I remember a scene in that mildly amusing drama " Thirty-somethings" - a few years ago now - in which the two main characters (whose names I have completely forgotten) agonize over whether or not to have their baby circumcised. I remember at the time thinking that if this was the program's best effort at representing a white middle class dilemma, then I had no time for it, and yet now I see how much of an issue it really is.
I mean - there you are, as a new parent, with the entire responsibility for the whole being of your new baby boy - and you have to decide whether to have his penis put in a clamp, have a doctor tear off the natural adhesions between the glans and foreskin, pull the skin harshly upwards and then slice through the most sensitive part of his body with a scalpel blade - and all without an anesthetic. Now, that sure is a dilemma.
I speak strongly on this matter because my penis - without its foreskin - has given me a lot of problems over the years. It is so sensitive in cold weather that even just the gentle rubbing of the softest cotton underwear is almost painful: this is probably because the glans was damaged by the tearing of the adhesions when they took my foreskin off. (When these adhesions are prematurely torn, some scar tissue forms on the glans.)
There is however, one strange advantage that I have. When they removed my foreskin, they did it so unevenly and loosely that the remaining skin bunches up around the coronal rim of my penis. And when I put a condom on, there is, in fact, a real ridgey, bumpy, lumpy protrusion of skin around the upper surface of the penis head just below the corona. Why is this so interesting, you ask?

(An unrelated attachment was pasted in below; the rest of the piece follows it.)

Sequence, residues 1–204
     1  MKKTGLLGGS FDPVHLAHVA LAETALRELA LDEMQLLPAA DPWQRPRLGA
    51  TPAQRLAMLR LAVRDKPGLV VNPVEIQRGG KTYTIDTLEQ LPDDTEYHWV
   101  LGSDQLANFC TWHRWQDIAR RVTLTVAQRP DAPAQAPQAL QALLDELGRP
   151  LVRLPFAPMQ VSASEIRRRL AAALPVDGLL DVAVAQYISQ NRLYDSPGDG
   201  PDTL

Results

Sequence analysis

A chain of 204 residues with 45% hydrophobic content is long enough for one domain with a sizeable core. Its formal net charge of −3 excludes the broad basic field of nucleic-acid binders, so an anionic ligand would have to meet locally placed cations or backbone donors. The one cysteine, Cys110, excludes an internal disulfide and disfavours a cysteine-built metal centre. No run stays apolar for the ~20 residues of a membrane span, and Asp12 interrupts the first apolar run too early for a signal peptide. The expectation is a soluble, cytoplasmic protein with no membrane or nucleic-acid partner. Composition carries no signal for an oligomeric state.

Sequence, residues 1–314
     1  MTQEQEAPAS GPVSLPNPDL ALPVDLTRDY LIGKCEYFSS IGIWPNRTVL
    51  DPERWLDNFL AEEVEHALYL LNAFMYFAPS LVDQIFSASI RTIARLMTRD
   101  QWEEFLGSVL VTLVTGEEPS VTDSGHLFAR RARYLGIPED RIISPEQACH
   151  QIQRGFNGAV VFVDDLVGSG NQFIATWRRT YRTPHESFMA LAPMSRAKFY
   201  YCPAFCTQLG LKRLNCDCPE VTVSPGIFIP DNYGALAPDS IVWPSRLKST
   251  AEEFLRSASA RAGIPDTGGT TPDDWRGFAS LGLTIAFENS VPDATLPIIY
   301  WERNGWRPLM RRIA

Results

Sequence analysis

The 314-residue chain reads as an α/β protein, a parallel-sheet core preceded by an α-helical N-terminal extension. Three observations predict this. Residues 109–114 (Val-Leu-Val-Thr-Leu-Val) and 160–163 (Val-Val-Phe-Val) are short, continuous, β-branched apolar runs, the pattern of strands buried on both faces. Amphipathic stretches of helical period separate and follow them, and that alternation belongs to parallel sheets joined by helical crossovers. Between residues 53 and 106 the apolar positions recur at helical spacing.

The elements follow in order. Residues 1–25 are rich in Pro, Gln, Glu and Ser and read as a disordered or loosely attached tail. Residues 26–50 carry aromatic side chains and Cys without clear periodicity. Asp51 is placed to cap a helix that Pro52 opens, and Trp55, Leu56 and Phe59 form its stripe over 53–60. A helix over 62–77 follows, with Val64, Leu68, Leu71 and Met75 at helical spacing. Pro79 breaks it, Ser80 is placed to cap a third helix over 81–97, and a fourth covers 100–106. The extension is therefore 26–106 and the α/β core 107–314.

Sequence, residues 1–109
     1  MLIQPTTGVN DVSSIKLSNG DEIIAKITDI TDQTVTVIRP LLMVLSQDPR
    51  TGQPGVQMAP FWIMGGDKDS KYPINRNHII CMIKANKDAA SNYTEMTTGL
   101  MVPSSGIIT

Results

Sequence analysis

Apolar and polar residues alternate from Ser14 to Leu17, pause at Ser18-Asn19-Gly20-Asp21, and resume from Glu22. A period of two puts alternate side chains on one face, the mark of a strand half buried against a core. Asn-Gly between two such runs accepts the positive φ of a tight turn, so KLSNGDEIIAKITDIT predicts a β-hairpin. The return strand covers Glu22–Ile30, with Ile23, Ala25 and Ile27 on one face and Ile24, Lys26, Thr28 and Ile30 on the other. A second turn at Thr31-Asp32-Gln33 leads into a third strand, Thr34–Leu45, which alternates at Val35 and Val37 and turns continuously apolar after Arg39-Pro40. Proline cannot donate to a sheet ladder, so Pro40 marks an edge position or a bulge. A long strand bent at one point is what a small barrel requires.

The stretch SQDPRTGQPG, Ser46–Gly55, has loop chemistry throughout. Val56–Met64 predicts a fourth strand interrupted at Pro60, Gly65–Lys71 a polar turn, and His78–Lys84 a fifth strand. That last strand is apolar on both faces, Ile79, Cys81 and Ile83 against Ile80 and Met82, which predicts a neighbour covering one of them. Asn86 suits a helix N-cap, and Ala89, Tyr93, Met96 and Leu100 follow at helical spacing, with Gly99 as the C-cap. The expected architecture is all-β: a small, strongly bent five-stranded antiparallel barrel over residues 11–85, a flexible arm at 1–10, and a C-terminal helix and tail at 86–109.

Well, my penis also bends upwards somewhat (it is one of those which curves upwards rather than downwards), and the combination of these two quirks of nature means that when I push my penis into my girlfriend's vagina, it is exactly the right shape to produce the most exquisite stimulation of her G-spot.
Indeed, she pretty quickly goes into G-spot mode, characterized by - so she tells me - waves of sexual energy coursing outwards from her G-spot through her whole body, producing long lasting pre-orgasmic plateaus of almost unbearable ecstasy.
I have to admit she has not yet come from my penis thrusting inside her - I can't quite last long enough, Dammit, but I am sure it is only a matter of time before she does. Judging by the bliss she is currently experiencing, when she does it will be the most wonderful experience imaginable. For both of us.
There is certainly something very different about Jan's G spot orgasm - different to her clitoral orgasm, I mean. She can come with my finger on her G spot, and her whole experience of this orgasm is different to the orgasm produced by having her clit stimulated - it is much more whole body-centered, for one thing, and it involves a different kind of sexual energy - the experience is almost spiritual, in fact.